Sunday, January 16, 2011

True grit, true grime

When my family moved to Brampton this fall, it brought to an end 16 years of life in Malton (well, I really only lived there for about 11). For the uninitiated, Malton is a first-ring suburb of Toronto that could charitably be called working-class, and is otherwise a cross between Michael Moore's Roger and Me, a Boyz II Men music video and the low-quality Bollywood movie of your choice. Brampton is where those people move when they become affluent, to live in the McMansions of second-ring suburbs.

I went to high school in Brampton, of course, but this is north Brampton, in many ways the frontier between relentless development and farmland. The snowy ravine behind my house lead to a thoroughfare, across the road is an Esso gas station...behind which is the Heart Lake Conservation Area, where so many of my high school races happened.

Ironically, as much open space as there is in Brampton, much of it admittedly snowed and frozen over at the moment, life in Brampton is best when you never really have to deal with anybody else in Brampton. This is a city where you can walk from your living room to your garage and drive until you reach the underground parking lot of your office.

The moment when you have to interact with the others is where it all starts to break down. I had the pleasure to catch the Coen Brothers' True Grit last night at the Trinity Commons SilverCity. Since there's really nothing else to do in Brampton once the big box electronics stores close down, movie theatres seem absurdly busy. Lest one race feel superior to another, there are equal helpings of brown trash and white trash on display, mutual in their love of quadruple-extra-large parkas with fur hoods and unsightly facial hair.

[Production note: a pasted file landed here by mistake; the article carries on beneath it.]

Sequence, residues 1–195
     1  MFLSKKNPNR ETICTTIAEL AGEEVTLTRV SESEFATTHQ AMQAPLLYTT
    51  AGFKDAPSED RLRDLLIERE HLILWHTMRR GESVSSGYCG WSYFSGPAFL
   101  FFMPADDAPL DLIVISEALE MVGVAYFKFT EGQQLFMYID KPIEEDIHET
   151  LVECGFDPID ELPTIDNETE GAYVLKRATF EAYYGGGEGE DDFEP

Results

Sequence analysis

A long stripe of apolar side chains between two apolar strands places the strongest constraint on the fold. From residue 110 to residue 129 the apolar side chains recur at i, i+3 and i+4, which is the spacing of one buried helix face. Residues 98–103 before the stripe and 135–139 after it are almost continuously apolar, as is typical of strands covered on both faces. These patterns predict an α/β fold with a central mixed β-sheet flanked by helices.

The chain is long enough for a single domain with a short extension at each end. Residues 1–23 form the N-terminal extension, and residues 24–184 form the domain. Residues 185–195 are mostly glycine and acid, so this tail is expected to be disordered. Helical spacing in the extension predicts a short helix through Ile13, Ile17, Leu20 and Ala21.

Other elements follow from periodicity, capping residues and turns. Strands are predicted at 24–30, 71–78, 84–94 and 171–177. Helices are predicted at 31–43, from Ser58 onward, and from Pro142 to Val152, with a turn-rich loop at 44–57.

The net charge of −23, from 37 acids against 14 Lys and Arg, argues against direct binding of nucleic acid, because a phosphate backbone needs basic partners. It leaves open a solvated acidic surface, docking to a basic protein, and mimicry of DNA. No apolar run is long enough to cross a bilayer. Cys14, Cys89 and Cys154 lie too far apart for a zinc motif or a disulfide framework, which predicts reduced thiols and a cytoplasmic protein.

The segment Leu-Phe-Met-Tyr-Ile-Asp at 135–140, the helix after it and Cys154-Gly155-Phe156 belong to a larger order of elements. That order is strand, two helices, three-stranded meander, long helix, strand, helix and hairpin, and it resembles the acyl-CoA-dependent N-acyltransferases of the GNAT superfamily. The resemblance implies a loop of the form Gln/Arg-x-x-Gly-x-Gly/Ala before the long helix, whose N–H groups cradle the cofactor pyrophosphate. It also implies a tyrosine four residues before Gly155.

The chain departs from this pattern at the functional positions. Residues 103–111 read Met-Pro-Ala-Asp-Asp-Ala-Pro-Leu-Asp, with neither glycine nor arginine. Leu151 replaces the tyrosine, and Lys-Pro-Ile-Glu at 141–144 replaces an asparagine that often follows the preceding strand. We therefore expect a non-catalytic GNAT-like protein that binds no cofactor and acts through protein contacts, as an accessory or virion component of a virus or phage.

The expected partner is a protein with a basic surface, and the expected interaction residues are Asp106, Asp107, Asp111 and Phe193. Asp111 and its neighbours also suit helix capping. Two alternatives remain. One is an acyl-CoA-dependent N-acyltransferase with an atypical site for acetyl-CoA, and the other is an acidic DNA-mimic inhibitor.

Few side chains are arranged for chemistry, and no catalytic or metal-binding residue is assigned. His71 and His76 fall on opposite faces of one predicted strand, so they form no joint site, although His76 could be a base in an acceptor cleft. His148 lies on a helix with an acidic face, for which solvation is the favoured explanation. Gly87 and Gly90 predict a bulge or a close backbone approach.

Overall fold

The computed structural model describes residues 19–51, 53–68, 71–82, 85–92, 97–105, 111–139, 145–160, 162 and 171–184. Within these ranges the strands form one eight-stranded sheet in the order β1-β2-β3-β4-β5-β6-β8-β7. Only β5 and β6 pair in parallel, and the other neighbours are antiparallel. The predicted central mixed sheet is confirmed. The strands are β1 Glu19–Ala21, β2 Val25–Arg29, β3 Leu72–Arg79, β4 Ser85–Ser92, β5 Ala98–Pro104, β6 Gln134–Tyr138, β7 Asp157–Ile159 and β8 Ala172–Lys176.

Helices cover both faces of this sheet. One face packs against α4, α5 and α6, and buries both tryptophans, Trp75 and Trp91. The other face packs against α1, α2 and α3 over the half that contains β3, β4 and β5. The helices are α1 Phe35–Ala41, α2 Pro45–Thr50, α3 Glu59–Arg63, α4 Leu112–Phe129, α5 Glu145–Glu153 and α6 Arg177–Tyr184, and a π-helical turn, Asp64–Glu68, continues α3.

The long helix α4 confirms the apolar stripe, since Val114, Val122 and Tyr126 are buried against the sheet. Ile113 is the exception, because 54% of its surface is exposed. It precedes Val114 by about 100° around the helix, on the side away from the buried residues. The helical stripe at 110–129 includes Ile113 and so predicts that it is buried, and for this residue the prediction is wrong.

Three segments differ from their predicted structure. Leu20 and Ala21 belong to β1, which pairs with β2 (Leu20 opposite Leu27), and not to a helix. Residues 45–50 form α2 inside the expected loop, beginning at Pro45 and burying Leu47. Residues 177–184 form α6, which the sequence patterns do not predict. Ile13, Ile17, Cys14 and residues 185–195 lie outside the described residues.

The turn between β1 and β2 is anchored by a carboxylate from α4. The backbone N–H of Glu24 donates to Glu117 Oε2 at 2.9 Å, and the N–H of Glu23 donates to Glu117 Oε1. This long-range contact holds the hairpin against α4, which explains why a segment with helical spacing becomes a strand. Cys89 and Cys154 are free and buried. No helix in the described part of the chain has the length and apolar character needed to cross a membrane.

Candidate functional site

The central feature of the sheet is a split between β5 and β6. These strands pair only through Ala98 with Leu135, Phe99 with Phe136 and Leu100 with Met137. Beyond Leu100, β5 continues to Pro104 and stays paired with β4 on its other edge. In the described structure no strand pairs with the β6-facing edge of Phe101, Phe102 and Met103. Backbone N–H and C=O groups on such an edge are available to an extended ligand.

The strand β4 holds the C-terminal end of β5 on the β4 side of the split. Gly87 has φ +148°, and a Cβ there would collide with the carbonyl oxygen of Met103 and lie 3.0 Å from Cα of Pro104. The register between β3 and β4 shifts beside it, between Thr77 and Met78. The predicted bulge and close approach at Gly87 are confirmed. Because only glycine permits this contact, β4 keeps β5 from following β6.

The movie itself was a nice trip back into American history, actual history, not the sort you hear about on Glenn Beck. Jeff Bridges and Matt Damon personify the eternal American conflict between rugged individualism, however imaginary and flawed, and seemingly dowdy federalism, with its advantages.

Bridges is the US marshal who shoots first, asks questions later and unceremoniously kicks natives. Damon almost reprises the roly poly character he had in The Informant. He is overly formal, legalistic and verbose, the American state uniforming eyepatched individualists like Bridges. The characters are obviously relevant to America's reprised struggle between the individual and the state, conducted through the prism of historical myths.

A great feature of True Grit is its attempt to recreate contemporary dialogue. It is set in 1878 and the characters more or less sound like it, at least more so than virtually any other historical movie I can remember. Consider that we produce historical movies invariably in English and invariably present-day dialogue. If the movie is really old, they might pick up British accents, but generally watching a movie set in the past is like watching a middle school conception of history.


Shan said...

does that mean your family lives close to Riyaad's family now?

Adeel said...

No, they moved to just outside Malton, actually.

andré said...

I spent too many weekends at Trinity Commons growing up.